Rising interest rates may not slow down holiday shoppers this year
Rising interest rates may not slow down holiday shoppers this year

Rising interest rates may not slow down holiday shoppers this year

As the Federal Reserve raises interest rates to reduce inflation, it can be expected that holiday shopping in the United States will be quieter than in previous years.

But according to analysts, factors such as low unemployment and the possibility of major price cuts mean the holiday season is shaping up to be another busy one.

In a sign of the uncertainty U.S. retailers are currently facing, major rivals Walmart and Target announced two very different holiday job targets this week. While Walmart is now targeting 40,000 new, mostly seasonal workers — down from 150,000 last year — Target is looking to bring on another 100,000 workers this holiday season. That’s the same chart she set last year.

Uncertainty is further reflected in holiday spending forecasts. US consulting firm Deloitte now expects overall holiday sales to rise 4% to 6% this year compared to growth of 15.1% last winter. But it also expects e-commerce sales to rise 12.8% to 14.3% compared to 8.4% last year as consumers hunt for deals online.

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Retailers continue to see more inventory, according to Ted Rossman, senior industry analyst at Bankrate.com — the result of improved supply chains, changing costs of services and experiences, and generally lower demand.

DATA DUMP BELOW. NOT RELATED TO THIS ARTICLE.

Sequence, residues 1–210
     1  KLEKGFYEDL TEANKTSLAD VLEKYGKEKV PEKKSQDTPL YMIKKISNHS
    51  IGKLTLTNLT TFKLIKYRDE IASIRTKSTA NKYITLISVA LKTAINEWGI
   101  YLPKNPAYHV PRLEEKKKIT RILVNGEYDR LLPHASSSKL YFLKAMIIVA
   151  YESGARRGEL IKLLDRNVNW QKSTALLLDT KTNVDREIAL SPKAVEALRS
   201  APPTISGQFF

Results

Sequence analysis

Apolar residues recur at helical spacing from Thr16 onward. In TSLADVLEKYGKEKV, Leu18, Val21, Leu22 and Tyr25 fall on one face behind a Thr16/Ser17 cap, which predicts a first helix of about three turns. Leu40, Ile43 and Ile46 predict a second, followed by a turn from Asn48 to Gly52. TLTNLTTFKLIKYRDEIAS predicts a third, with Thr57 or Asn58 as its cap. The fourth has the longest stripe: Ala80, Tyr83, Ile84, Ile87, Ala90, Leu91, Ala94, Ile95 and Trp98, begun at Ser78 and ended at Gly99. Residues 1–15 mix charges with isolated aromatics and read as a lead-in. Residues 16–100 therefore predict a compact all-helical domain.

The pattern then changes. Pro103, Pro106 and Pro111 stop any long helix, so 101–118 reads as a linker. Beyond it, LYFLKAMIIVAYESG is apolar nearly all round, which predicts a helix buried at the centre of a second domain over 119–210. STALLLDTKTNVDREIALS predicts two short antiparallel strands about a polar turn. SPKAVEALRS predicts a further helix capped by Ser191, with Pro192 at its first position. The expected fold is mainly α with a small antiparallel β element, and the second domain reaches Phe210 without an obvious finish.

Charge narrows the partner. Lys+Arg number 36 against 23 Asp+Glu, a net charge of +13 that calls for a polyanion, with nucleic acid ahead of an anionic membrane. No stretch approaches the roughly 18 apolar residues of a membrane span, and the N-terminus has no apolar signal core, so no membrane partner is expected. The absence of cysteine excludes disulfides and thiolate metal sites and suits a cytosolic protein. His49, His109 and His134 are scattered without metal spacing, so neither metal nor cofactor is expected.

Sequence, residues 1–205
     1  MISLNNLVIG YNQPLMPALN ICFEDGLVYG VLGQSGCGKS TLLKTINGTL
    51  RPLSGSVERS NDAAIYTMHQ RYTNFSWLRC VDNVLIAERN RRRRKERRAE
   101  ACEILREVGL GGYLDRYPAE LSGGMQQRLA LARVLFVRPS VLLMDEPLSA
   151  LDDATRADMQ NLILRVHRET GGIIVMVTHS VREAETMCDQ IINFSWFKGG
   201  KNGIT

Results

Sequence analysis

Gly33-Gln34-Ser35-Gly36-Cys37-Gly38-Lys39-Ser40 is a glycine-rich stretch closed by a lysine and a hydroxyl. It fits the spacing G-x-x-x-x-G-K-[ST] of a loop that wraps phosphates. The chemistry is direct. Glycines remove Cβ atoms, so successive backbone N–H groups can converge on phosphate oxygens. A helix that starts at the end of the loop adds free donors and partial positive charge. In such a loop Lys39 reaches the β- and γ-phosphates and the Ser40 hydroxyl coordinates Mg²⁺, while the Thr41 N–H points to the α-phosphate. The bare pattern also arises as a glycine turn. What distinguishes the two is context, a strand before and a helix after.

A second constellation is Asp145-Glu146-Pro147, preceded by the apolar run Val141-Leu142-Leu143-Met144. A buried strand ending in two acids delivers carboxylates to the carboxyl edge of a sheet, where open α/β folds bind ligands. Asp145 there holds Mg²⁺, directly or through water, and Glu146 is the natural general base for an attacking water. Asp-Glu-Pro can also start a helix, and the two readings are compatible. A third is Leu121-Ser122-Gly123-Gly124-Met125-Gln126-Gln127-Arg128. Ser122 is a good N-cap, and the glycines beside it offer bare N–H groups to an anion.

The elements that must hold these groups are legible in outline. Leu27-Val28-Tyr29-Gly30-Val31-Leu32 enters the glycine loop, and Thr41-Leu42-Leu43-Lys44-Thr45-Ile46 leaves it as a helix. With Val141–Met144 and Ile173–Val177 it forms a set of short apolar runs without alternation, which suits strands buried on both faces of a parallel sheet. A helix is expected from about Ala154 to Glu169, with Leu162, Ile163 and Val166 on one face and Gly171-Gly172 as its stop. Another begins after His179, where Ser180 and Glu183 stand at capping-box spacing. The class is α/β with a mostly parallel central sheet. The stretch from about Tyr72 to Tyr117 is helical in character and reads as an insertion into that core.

It is also evidenced by inflation data, which shows the price of traditional gifts such as furniture and clothing, as well as electronic goods such as TVs and stereos, have often risen more slowly than the general price level. swelling.

Walmart previously announced that more than half of the toys on its annual Top Toy list will retail for less than $50, with many under $25.

Thanks to a still-healthy job market that helps people feel more secure about their finances, the holiday season is shaping up to be “the best buyer’s market in years,” Rossman said.

The impact of the Fed

On Wednesday, the Federal Reserve raised the key interest rate to 0.75% as it seeks to control inflation levels not seen in four decades.

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The goal is to control the growing demand after the epidemic, slowing down the economy and putting downward pressure on prices.

In the short term, it means higher borrowing costs. Meanwhile, the average mortgage rate is now well above 6%, the highest since at least 2008.

For consumers who plan to use a credit card to make purchases, the average APR rate is now at its highest level since 1995, at about 18%, according to Bankrate.com, and close to a record 19%.

But Rossman said there is usually a delay of one or two months before credit card interest rates are raised after the Fed hike takes effect. In addition, many individuals who already have credit card debt are often willing to take on more, he said.

“There’s a little bit of negativity, or mental calculation, if you’ve already had a loan,” he said.

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Overall, Rossman said, household balance sheets remain healthy heading into the holiday season. It is something that he said helps to “debunk” the current consumer sentiment reading which is always falling amid inflationary concerns.

He said he doesn’t expect credit card delinquencies to rise amid higher APR rates.

“People still have a lot of money in the bank,” he said. “They paid off debt, and while there are certainly warning signs coming, many people are still starting from a strong position.”

It’s a sentiment echoed in Bank of America’s Consumer Education report, which found that at the moment, consumers continue to feel “chipper.”

“Consumers continue to show strong economic growth,” BofA said. “They have benefited recently from the drop in oil prices and continue to experience a strong labor market.”

Source : www.nbcnews.com